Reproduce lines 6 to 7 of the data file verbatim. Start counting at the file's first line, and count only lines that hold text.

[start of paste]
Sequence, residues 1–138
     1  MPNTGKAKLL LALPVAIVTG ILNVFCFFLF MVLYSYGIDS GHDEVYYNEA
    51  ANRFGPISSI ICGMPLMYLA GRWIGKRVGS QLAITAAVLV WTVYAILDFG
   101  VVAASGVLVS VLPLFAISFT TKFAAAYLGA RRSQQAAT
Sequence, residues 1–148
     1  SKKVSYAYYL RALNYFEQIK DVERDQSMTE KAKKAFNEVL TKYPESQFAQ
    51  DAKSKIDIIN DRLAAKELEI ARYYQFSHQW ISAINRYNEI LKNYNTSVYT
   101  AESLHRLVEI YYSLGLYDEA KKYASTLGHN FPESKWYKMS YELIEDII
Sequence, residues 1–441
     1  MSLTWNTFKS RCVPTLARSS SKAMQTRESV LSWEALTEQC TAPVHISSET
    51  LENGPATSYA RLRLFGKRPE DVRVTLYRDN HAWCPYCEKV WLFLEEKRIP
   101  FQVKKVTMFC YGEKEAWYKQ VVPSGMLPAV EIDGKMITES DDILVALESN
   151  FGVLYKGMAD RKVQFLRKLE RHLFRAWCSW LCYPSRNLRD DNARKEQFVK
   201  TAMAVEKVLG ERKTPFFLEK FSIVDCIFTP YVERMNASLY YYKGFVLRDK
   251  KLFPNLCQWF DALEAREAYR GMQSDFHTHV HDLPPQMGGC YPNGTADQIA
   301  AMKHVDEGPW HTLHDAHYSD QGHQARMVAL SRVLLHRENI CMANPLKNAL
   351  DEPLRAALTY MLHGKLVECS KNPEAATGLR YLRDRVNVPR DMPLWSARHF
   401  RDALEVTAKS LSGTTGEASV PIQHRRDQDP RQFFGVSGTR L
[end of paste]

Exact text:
     1  SKKVSYAYYL RALNYFEQIK DVERDQSMTE KAKKAFNEVL TKYPESQFAQ
    51  DAKSKIDIIN DRLAAKELEI ARYYQFSHQW ISAINRYNEI LKNYNTSVYT